This undated photo provided by the Texas Department of Criminal Justice shows inmate Rick Rhoades.
A Texas inmate was executed Tuesday night for fatally stabbing two Houston-area brothers in a burglary at their home more than 30 years ago.
Rick Rhoades, 57, was executed by lethal injection at Huntsville State Penitentiary. He was convicted of the September 1991 murders of Charles Allen, 31, and Bradley Allen, 33. The brothers were killed less than a day after Rhoades was released on parole after serving time for burglary.
The United States Supreme Court refused to delay Rhoades’ execution for allegations that his constitutional due process rights had been violated because he was barred from pursuing claims that some potential jurors at his trial had could be dismissed for reasons of racial discrimination.
“We hope the Allen family will find peace after nearly 30 years of waiting for justice to be served to their loved ones. The death penalty should be reserved for the worst of the worst, and a Harris County jury long ago determined that this defendant fit the bill. Let us honor the memory of the victims, Charles and Bradley Allen, and never forget that we are and always will be on the victims, ”Harris County District Attorney Kim Ogg said in a statement.
In July, lawyers for Rhoades filed a federal lawsuit against State District Judge Ana Martinez in Houston for asking the judge to order prosecutors to disclose information relating to allegations that some jurors were fired for discrimination. racial.
Martinez decided that she did not have the jurisdiction to consider the request. The lawsuit was dismissed earlier this month by a Houston federal judge, who also refused to stay the execution. The 5th U.S. Court of Appeals on Monday upheld the dismissal of the lawsuit and also refused to stay the execution. The appeals court in 2019 previously dismissed a similar request by Rhoades’ lawyers over allegations that two black jurors were fired due to racial prejudice. Rhoades is white.
Rhoades’ lawyers had previously argued unsuccessfully in other appeals: that his constitutional rights were violated when childhood photos depicting Rhoades in normal and happy activities and designed to show that he was non-violent and that he would do well in prison were excluded during the punishment phase of his trial; that a state investigator gave false testimony during his trial as to whether Rhoades could be granted unaccompanied leave if he was sentenced to life imprisonment; and that “evolving standards of decency” prohibit executions as a punishment for murder.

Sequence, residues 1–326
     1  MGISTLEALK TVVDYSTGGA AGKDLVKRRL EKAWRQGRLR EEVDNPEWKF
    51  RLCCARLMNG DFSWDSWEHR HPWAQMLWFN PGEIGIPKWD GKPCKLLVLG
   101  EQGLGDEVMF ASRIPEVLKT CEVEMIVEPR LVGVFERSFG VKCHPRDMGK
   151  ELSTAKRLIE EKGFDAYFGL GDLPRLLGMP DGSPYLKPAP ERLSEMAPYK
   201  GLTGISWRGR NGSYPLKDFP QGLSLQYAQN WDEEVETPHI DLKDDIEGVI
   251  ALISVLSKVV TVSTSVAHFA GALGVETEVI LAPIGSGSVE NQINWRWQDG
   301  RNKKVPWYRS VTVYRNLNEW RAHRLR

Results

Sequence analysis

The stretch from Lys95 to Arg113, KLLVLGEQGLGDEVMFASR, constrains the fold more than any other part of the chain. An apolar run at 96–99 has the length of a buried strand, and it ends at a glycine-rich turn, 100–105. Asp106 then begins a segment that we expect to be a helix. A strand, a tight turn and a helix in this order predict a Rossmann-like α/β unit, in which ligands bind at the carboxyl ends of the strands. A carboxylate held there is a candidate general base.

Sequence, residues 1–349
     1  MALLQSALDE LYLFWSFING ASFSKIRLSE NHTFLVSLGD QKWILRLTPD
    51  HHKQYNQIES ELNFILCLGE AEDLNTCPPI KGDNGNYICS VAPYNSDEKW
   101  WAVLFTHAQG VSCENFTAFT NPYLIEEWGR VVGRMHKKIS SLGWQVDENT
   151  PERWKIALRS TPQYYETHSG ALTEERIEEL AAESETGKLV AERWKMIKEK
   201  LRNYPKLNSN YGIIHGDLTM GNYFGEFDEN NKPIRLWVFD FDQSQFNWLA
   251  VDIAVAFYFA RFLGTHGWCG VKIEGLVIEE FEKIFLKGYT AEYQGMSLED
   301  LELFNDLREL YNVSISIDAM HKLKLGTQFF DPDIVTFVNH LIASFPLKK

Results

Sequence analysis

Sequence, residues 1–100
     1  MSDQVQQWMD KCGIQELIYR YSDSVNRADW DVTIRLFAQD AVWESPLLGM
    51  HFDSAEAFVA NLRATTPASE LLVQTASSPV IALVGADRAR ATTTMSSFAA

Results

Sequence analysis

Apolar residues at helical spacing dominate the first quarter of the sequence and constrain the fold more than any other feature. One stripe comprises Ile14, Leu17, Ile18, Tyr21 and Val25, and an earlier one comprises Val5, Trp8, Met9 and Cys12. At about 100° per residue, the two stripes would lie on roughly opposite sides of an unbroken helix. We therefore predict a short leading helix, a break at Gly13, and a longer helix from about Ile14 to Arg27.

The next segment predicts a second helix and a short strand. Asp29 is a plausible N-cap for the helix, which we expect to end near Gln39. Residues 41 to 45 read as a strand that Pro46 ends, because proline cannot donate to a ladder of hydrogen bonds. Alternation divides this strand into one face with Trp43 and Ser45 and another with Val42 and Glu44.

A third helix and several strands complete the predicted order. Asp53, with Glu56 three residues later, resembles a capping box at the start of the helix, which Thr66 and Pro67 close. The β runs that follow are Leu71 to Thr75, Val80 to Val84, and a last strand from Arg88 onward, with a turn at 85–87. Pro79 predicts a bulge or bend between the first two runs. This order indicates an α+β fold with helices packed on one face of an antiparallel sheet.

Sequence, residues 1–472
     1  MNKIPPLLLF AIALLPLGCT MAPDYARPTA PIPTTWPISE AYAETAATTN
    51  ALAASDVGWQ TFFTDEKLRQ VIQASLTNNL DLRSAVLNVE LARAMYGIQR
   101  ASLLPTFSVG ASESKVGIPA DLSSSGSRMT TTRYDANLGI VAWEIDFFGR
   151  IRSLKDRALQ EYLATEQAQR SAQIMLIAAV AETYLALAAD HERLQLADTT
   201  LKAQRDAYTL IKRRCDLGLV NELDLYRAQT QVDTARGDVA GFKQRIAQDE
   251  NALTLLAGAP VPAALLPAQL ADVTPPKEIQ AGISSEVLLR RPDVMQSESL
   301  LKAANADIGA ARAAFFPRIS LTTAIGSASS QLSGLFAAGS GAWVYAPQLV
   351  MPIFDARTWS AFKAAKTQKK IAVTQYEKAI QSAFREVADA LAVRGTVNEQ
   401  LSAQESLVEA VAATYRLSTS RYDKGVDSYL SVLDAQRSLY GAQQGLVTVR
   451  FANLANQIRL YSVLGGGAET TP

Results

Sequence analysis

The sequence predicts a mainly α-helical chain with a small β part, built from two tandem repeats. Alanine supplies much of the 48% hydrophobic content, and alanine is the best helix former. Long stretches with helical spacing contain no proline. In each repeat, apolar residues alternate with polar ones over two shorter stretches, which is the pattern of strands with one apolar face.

“A 2020 Gallup Poll on American Attitudes Towards Death Penalty Shows Public Support for the Death Penalty Is at its lowest in half a century, with opposition higher than ever since 1996,” wrote David Dow and Jeffrey Newberry in a lawsuit. last month.
Rhoades had a long criminal record, including burglary and auto theft convictions in Florida, Iowa and Texas, when he broke into Charles Allen’s home in the Houston suburb of Pasadena.
The house, located near where the siblings’ parents lived, had just been custom built for Charles Allen and he had invited his brother to live with him temporarily. The two brothers had recently gone through separate divorces.
Charles Allen, who played the piano and dreamed of a musical career, worked as a chemical operator at a local refinery. Bradley Allen has worked as a freelance artist.
At trial, prosecutors told jurors the siblings were sleeping when Rhoades broke into their home in the early hours of the morning and attacked Charles Allen while he was in bed. Bradley Allen was killed while standing up for his brother.
An arrest in the case was not made until about a month later, when Rhoades was caught robbing an elementary school. While in detention, Rhoades confessed to killing the brothers. But he claimed it was done in self-defense after exchanging words with Charles Allen as Rhoades walked around at 2:30 a.m.
“I was tired of running. I wanted to tell what happened, ”Rhoades said in his confession.
Rhoades was the third inmate to be killed this year in Texas and the sixth in the United States. Four more executions are slated for later this year in Texas, the nation’s highest death penalty state.